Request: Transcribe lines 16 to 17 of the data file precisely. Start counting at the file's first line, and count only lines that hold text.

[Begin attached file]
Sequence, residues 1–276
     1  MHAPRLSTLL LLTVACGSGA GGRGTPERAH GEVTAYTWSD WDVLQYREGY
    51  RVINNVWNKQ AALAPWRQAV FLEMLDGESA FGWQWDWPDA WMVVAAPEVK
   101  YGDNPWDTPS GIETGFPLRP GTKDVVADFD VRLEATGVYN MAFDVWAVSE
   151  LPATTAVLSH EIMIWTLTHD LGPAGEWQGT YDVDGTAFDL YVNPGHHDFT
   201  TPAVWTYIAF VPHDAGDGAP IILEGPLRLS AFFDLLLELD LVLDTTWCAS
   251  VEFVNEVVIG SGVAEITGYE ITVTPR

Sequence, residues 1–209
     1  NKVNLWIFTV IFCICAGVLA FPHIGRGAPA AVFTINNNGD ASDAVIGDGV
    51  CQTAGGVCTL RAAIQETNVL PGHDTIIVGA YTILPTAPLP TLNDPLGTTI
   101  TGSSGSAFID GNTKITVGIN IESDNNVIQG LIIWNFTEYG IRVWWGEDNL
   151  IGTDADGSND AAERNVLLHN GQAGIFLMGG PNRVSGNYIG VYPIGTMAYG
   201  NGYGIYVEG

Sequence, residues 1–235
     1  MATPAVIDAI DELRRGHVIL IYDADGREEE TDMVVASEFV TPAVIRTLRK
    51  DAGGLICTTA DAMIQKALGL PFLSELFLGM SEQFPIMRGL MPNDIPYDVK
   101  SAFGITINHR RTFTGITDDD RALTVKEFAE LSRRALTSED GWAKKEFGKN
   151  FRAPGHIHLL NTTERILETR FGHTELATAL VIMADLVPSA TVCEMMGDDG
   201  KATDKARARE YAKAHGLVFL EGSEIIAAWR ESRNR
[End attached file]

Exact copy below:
    51  DAGGLICTTA DAMIQKALGL PFLSELFLGM SEQFPIMRGL MPNDIPYDVK
   101  SAFGITINHR RTFTGITDDD RALTVKEFAE LSRRALTSED GWAKKEFGKN